Presentation Outline • Sovereignty, Authority, and Power • state, regimes, and nations • sovereignty • sources of legitimacy • political culture
I. a) state, regimes, and nations Review: What is the difference between state, regime, and nation? • The Chinese state has been around in one form or another for well over three thousand years • It is one of the oldest continuous states in the world
Territorial Evolution of the Chinese state Ming Dynasty Circa 1415 Song Dynasty Circa 960 Qing Dynasty Circa 1820 China since 1949
Regimes There are three distinct regime periods in Chinese history: • Dynastic rule (*each dynasty itself was a new regime), 1000 C.E.- 1911 • Republican rule, 1911-1949 • Communist rule, 1949-present For furthering reading into Chinese dynasties and regimes see: http://www.chinaknowledge.de/History/history.htm
The People’s Republic of China Current Features of the Regime: • Authoritarian • One-Party state (Communist Party) • Limited political reforms/major economic reforms (we will discuss these later) Left: Mao Zedong formally announces the establishment of the People’s Republic of China
Nations China has 56 officially recognized nations The dominant nation is the Han which compromises over 90% of the population. Most political scientists would consider China a nation (Han)-state Breakdown: Han: 91.9% Minorities: 8.1% Uyghur, Tibetan, Hui, Zhuang, Mongolian, Korean, Miao... Source: CIA Factbook (2012)
What connection can you make between China’s population density and the location of its ethnic minorities?
I. b) Sovereignty • Sovereignty has long been an important concept and theme in Chinese politics and history • The current regime can boast that it is the only one in the last several hundred years which has held full sovereignty over the mainland Chinese territory/state • Before the establishment of the People’s Republic of China many foreign states had carved out spheres of influence in China thereby challenging the sovereignty of the Qing and Republican regimes
China is a unitary state with no devolved powers to the regions. • China has 33 provinces/administrative/autonomous regions • Each province/administrative region has a Communist Party, local government, and reports directly to Beijing • China also has five autonomous regions. These are regions where a substantial proportion of the population consists of a particular minority nation such as the Tibetans. Autonomous regions are nominally autonomous, have limited legislative powers , but do have some latitude in minority language education rights.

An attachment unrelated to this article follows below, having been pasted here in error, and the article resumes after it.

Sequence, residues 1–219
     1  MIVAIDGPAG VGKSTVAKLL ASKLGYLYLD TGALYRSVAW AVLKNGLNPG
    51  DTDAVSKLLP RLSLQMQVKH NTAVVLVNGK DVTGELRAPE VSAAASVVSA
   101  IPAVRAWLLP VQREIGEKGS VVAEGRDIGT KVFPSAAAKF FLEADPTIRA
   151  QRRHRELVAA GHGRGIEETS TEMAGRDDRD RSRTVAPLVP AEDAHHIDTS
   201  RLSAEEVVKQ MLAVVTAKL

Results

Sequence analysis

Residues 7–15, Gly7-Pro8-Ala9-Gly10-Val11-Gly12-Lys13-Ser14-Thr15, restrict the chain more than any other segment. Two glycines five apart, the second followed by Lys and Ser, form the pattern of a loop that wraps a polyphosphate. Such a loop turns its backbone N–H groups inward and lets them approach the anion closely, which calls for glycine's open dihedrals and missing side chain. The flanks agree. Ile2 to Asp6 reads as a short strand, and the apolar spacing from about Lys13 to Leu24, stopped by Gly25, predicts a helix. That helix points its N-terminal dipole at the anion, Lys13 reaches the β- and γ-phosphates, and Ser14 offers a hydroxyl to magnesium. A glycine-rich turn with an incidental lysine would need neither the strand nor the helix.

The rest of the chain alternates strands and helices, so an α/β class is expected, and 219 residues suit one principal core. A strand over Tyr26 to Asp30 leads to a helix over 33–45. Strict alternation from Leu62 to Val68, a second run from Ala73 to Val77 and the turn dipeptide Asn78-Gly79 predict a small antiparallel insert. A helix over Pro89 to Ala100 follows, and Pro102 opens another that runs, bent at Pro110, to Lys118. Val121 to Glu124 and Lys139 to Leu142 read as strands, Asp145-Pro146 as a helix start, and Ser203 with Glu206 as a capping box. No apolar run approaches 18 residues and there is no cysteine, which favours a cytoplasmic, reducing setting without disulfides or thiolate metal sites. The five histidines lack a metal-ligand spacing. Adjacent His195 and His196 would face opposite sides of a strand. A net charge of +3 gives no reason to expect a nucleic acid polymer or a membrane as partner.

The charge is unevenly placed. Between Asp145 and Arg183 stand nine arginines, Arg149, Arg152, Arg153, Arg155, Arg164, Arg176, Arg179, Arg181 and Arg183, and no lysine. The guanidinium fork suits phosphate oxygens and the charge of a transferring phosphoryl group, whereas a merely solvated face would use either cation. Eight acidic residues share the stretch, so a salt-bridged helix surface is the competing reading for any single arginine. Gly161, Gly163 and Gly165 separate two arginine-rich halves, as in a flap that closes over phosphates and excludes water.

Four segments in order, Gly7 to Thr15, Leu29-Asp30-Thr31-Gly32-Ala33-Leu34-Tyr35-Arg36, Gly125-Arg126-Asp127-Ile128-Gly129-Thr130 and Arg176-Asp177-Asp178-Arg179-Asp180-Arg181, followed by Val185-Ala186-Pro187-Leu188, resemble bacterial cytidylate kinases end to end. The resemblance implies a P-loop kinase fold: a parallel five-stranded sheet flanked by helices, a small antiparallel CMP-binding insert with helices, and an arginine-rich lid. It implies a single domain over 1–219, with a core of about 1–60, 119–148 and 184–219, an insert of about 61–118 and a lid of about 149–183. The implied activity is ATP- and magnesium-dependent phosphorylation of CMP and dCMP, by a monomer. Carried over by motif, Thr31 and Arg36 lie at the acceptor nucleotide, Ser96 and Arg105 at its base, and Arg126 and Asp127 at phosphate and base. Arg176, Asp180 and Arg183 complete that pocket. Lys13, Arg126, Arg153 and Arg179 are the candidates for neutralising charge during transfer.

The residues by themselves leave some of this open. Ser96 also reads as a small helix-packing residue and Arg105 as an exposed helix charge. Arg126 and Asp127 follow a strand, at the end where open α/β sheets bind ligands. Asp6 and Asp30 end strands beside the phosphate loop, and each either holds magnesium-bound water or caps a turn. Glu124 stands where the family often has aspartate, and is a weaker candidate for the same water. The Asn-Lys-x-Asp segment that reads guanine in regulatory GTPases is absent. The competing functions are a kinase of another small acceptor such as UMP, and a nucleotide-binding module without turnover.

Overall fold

Hong Kong and Macau • Hong Kong (British) and Macau (Portuguese) were former European colonies that were returned to China near the end of the twentieth century. • They are both considered special administrative zones. They have a great deal of autonomy under the One Country Two Systems policy. They still exist at the will of the mainland. • The mainland only controls defence and foreign affairs. • Macau and Hong Kong have their own monetary, legal, and government systems, and control over their own immigration
China is a strong state • The activities of NGOs and supranational organizations are circumscribed (limited) by the Chinese government • Nevertheless, China has joined the WTO (2001) and thus must comply with WTO trade regulations • China has also been under pressure to revalue and appreciate its Yuan currency How is China similar to Russia in this regard of being a strong state?
Chinese influence • China has tremendous influence on the world stage. • Like Russia and the United Kingdom, it is a permanent member of the U.N. Security Council • China has the second largest economy in the world and is a major trading partner with many states. China has used its economic influence for political/diplomatic purposes by forcing its trading partners to accept the One China policy, further marginalizing Taiwan
China’s Claim over Taiwan Is Taiwan a state? The official stance of the government of the People’s Republic of China is that there is only one Chinese state and that Taiwan is a province of China, and does NOT constitute a separate state. There are two rival theories on the definition of statehood which are worth considering: Source: http://www.lawnotes.in/Recognition_of_a_State